Strategy #4

Use of ByteBuffer.allocateDirect() is highly discouraged.

LWJGL versions before 3 relied exclusively on allocateDirect(), via the org.lwjgl.BufferUtils class. This class is still there in 3, for backwards-compatibility, but its use is highly discouraged. The reason is simple, allocateDirect() is horrible:

  • It is slow, much slower than the raw malloc() call. A lot of overhead on top of a function that is already slow.
  • It scales badly under contention.
  • It arbitrarily limits the amount of allocated memory (-XX:MaxDirectMemorySize).
  • Like Java arrays, the allocated memory is always zeroed-out. This is not necessarily bad, but having the option would be better.
  • There's no way to deallocate the allocated memory on demand (without JDK-specific reflection hacks). Instead, a reference queue is used that usually requires two GC cycles to free the native memory. This quite often leads to OOM errors under pressure.

All of that contributed to users adopting one or more bad practices when dealing with LWJGL code:

  • Using buffer instance pools.
  • Using global buffer instances, often not in a concurrent-safe way.
  • Allocating big buffers and writing their own "memory allocator" on top, often with far from optimal results with respect to performance, memory utilization & fragmentation, etc.

The recommended way to deal with these issues in LWJGL 3 is via explicit memory management. We have the org.lwjgl.system.MemoryUtil class that uses a configurable memory allocator and exposes a user-friendly API, but other allocators can be used directly, as dictated by application requirements.

We have the org.lwjgl.system.libc.Stdlib class that basically exposes the system default memory allocator. It provides the functions you would expect: malloc, calloc, realloc, free, aligned_alloc, aligned_free.

We also bundle the jemalloc library with LWJGL. It provides the same functions as above and many more for specialized use-cases. This is the default allocator used in MemoryUtil (when available and not overridden), because:

  • It is generally faster than the system default.
  • It scales better under concurrent allocations.
  • It is highly configurable and tunable for specific applications.
  • The build that comes with LWJGL is tuned for performance, but it can easily be replaced with a custom build that enables more features: statistics, debugging, leak detection, etc.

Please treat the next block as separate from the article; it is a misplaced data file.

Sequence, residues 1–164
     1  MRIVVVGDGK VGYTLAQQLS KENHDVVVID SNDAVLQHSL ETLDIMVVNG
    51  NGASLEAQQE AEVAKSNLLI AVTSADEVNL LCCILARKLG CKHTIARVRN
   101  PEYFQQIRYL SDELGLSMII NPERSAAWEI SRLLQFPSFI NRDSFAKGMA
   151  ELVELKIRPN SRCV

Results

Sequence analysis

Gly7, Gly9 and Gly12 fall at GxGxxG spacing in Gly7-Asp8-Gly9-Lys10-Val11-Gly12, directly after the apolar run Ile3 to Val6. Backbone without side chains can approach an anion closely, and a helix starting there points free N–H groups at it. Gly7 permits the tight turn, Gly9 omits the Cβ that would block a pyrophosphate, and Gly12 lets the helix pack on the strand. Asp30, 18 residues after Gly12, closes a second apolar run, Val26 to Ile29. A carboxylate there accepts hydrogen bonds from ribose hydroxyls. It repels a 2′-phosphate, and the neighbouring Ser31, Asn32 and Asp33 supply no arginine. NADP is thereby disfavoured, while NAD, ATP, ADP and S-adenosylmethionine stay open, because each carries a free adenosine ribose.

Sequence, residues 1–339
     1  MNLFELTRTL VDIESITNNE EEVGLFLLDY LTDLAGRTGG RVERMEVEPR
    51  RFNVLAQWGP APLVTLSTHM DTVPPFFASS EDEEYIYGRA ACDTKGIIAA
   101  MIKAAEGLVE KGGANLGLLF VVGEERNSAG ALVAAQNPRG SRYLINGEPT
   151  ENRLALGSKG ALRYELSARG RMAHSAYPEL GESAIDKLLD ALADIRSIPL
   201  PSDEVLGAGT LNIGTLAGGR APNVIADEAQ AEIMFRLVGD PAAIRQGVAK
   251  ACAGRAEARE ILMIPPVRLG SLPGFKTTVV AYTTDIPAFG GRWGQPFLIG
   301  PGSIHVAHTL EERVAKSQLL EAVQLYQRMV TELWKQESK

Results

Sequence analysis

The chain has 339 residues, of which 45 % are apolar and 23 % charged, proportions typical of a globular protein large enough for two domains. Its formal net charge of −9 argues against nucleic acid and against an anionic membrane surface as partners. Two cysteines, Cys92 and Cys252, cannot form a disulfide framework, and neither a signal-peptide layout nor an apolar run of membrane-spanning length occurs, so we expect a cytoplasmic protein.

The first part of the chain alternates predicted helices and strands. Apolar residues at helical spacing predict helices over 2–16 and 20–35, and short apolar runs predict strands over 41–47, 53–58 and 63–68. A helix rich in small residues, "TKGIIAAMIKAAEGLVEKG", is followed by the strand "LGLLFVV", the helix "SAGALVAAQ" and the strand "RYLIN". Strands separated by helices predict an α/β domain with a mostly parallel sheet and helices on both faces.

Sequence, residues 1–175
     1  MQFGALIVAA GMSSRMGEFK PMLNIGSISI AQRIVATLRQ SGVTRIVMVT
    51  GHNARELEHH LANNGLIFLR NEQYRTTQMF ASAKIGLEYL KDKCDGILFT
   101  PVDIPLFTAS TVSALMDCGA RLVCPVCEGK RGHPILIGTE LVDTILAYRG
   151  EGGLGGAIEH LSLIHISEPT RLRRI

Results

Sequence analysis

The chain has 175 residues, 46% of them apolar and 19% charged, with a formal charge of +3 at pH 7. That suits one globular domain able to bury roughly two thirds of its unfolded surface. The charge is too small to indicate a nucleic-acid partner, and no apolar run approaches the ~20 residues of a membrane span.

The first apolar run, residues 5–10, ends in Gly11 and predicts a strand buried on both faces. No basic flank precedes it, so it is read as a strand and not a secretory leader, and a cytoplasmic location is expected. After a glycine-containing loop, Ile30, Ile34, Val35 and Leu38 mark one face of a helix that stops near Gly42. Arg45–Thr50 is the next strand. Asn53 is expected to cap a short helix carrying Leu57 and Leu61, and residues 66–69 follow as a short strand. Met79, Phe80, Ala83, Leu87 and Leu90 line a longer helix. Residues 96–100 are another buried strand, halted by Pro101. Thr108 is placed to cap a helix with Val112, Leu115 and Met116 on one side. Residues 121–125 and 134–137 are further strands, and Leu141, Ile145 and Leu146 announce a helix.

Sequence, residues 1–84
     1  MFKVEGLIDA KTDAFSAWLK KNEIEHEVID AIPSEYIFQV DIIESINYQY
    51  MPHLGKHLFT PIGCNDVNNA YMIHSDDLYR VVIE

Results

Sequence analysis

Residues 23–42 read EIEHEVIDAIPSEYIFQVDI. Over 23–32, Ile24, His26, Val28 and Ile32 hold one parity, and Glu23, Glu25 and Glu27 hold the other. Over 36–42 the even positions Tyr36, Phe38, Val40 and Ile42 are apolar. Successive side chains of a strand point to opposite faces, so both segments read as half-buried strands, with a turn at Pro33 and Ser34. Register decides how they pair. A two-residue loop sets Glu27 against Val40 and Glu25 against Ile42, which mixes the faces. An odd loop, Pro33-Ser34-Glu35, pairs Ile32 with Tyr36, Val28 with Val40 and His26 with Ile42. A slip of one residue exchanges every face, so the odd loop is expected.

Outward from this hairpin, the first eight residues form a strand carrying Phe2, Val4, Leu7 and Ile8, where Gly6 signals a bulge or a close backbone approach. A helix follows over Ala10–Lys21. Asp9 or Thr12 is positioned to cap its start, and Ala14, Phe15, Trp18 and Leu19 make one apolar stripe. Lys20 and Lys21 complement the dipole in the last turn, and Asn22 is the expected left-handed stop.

I will not discuss here how explicit memory management is not the "Java way", it's a topic for another post. Hint: I mostly agree, but not in the context of inter-operating with native systems.

Strategy #5

Always prefer stack allocation.

As fast as jemalloc is, stack allocation is always faster. This has always been an aspect in which Java could never compete with C code. Fortunately, LWJGL offers a solution for that too.

The solution is the org.lwjgl.system.MemoryStack class that exposes an API for stack allocations. The recommendation is that any small buffer/struct allocation that is shortly-lived, should happen via the stack API. This approach shines even in tight loops and shows how important strategy #3 is. Example code (using try-with-resources, one of the possible code styles):

// OpenGL code
try ( MemoryStack stack = stackPush() ) { // thread-local lookup
    IntBuffer ip = stack.mallocInt(1); // ip instance eliminated

    IntBuffer formats = stack.mallocInt(ip.get(0)); // formats instance eliminated
    glGetIntegerv(GL_COMPRESSED_TEXTURE_FORMATS, formats);

    // ...
} // stack is automatically popped, buffers are freed

Applicable to structs as well:

// Vulkan code
try ( MemoryStack stack = stackPush() ) {
    VkCommandBufferBeginInfo cbi = VkCommandBufferBeginInfo.mallocStack(stack)
            VkCommandBufferInheritanceInfo.mallocStack(stack) // nested struct

    int err = vkBeginCommandBuffer(cmd, cbi);

    // ...
} // structs are automatically freed

Strategy #6

Offer tools for debugging.

Having great performance is nice, but bugs related to explicit memory management can be hard to track down. LWJGL helps with:

  • Basic checks. These are enabled by default and ensure basic invariants with respect to API usage. The most important are related to buffers that cannot be NULL and buffer sizes that must be within certain ranges. This applies to both method parameters and struct members.
  • A debug mode. When enabled, LWJGL performs additional checks, that may be too expensive to perform by default.
  • A debug memory allocator. When enabled, all allocations are tracked and any leaks are reported when the JVM process ends. Each leak includes how many bytes where allocated and where exactly (with a full stack trace). Tracking is enabled for allocations via MemoryUtil as well as native-to-Java callback instances.
  • A stack allocation debugger. When enabled, LWJGL reports methods that have a broken symmetry between stack push & pop.


All of the above strategies contribute to the final "look and feel" of writing code for LWJGL, which can be summed up as: clean and efficient.

The greatest insight we gained while working on LWJGL 3 is that escape analysis works fantastically well in Java 8+. After several iterations, the final API does very little to encourage buffer instance reuse; it's simply not needed. Writing clean Java code, short and simple, does wonders not only for pure Java, but also when interacting with native libraries.

There are several, very useful native libraries out there. Waiting for a pure Java port or an abstraction in the JDK just because of how ugly and inefficient JNI code usually is, should be a thing of the past. LWJGL's approach works right now. Soon, Project Panama will eliminate most (if not all) remaining overhead and together with value types and any-generics will provide an extra level of type safety, bringing to Java a very strong FFI solution.